June: I have my interview on the 5th, which is conducted by 2 APRNs and 3 LCSWs. Before sitting down they joke about the formulaic nature of the interview, with each one asking standard questions in a round: "Why the VA?" Tell me about a time when you had a difficult patient and resolved it/collaborated for a positive outcome/had a conflict with an MD and managed it?," "What is recovery," "What is evidenced-based practice." Since I am also an acupuncture and Oriental medicine provider, they asked a few seemingly off-the-record questions about my practice. I also had a chance to ask them about why they chose the VA, involvement in national organizations, and what they do and do not love about working for the government. On June 12th, I am sent a disposition letter on the consultation position that another candidate was selected, and the status in USA jobs changes to "not selected." On June 20th I receive and official notification letter on the homeless veteran position stating "We have reviewed your application and found you qualified for the position listed above.  Your name has been referred to the employing agency for consideration.  THIS IS NOT A JOB OFFER."

July: This is where things get confusing. On July 3rd, I am sent an official notification email on the consultation position that states I am eligible (see above) and the status in USAJobs changes to "application referred." July 6th I am sent a disposition letter that I am not selected for the homeless veteran position.  July 18th I am sent both the qualified notification and not selected disposition letters on the clinic job, then on the 30th I receive a notice that my application forms have been received and the USAJobs status changes from not selected to application received. I reach out to one of the APRNs, and am told that while my interview went well, they had an overwhelming amount of applicants who already had certification (my boards were scheduled for later that month) and/or were already VA employees. I am encouraged to keep my eyes out because more positions would become available.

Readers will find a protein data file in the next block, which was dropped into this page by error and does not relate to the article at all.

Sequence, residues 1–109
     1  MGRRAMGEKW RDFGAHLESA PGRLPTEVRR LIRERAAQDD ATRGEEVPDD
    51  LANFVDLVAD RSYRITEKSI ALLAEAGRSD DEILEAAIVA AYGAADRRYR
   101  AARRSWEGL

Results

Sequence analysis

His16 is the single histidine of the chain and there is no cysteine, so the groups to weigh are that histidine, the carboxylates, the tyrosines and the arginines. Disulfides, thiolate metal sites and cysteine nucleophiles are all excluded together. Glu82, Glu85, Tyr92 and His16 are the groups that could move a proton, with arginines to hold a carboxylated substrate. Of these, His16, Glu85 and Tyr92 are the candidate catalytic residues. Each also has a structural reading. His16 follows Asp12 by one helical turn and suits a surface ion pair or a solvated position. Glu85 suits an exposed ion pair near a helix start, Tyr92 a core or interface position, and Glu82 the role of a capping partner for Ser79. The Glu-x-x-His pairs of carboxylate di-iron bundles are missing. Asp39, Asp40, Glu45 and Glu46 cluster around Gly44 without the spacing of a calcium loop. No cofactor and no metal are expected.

August: All quiet.

September: Ten minutes from boarding a flight to London late in the month, I get a phone call from the VA telling me they would like to speak with me about an open position. After playing some telephone tag, it turns out the consultation position had been re-listed under a different announcement number. I speak with one of the mental health staff members responsible for finishing the hiring process who decides my previous interview is good for this position. I am tentatively given an offer pending credentialing, nurse professional standards board, and VetPro.  Once that is all sorted out, I will be given an official offer. She cautions me that because I have to go through both nursing and mental health services the process can take awhile, and not to get caught up in Grade and Step, but to look at the salary and decide if I want to accept or negotiate. On the 24th I am sent the Qualifications Questionnaire with instructions to brag about my experiences as much as possible, because it can mean the difference of many steps and possibly a grade in overall pay. Up to this point, every person has been helpful and quick to respond to questions and concerns.

October: The first part of the month involves gathering and faxing documents, getting my physical, drug test, and fingerprinting done at the facility, and VETPRO.  They anticipate I should be ready to start by November or December.  I get a call late in the month informing me of my grade, step in salary, which is delightful. The process actually moved faster than expected, but as I have to give my private practice patients notice, I ask to start on December 3rd.

November: I receive my officially signed, in-writing offer letter dated for the 9th with instructions on where to go and what to bring for my first day of orientation.  Hooray! I will have 2 weeks of orientation under nursing services before getting transferred to my official duty station in mental health services.

To sum up, from application to walking into orientation, it took 223 days (7 months and 9 days), though I could have started up to a month earlier if I did not have previous commitments to patients,  conferences, and travel.  Had I been certified as a PMHNP at the time I applied in April, I likely would have been hired initially and started within 90 days, give or take.

I have no plans to blog about my work at the VA from here on out unless it is relevant to nursing practice and complies with all the usual rules and regulations that come with working in government healthcare. As I have done all of this research and policy development on social networking for mental health providers, it would be utterly embarrassing to violate my own guidelines!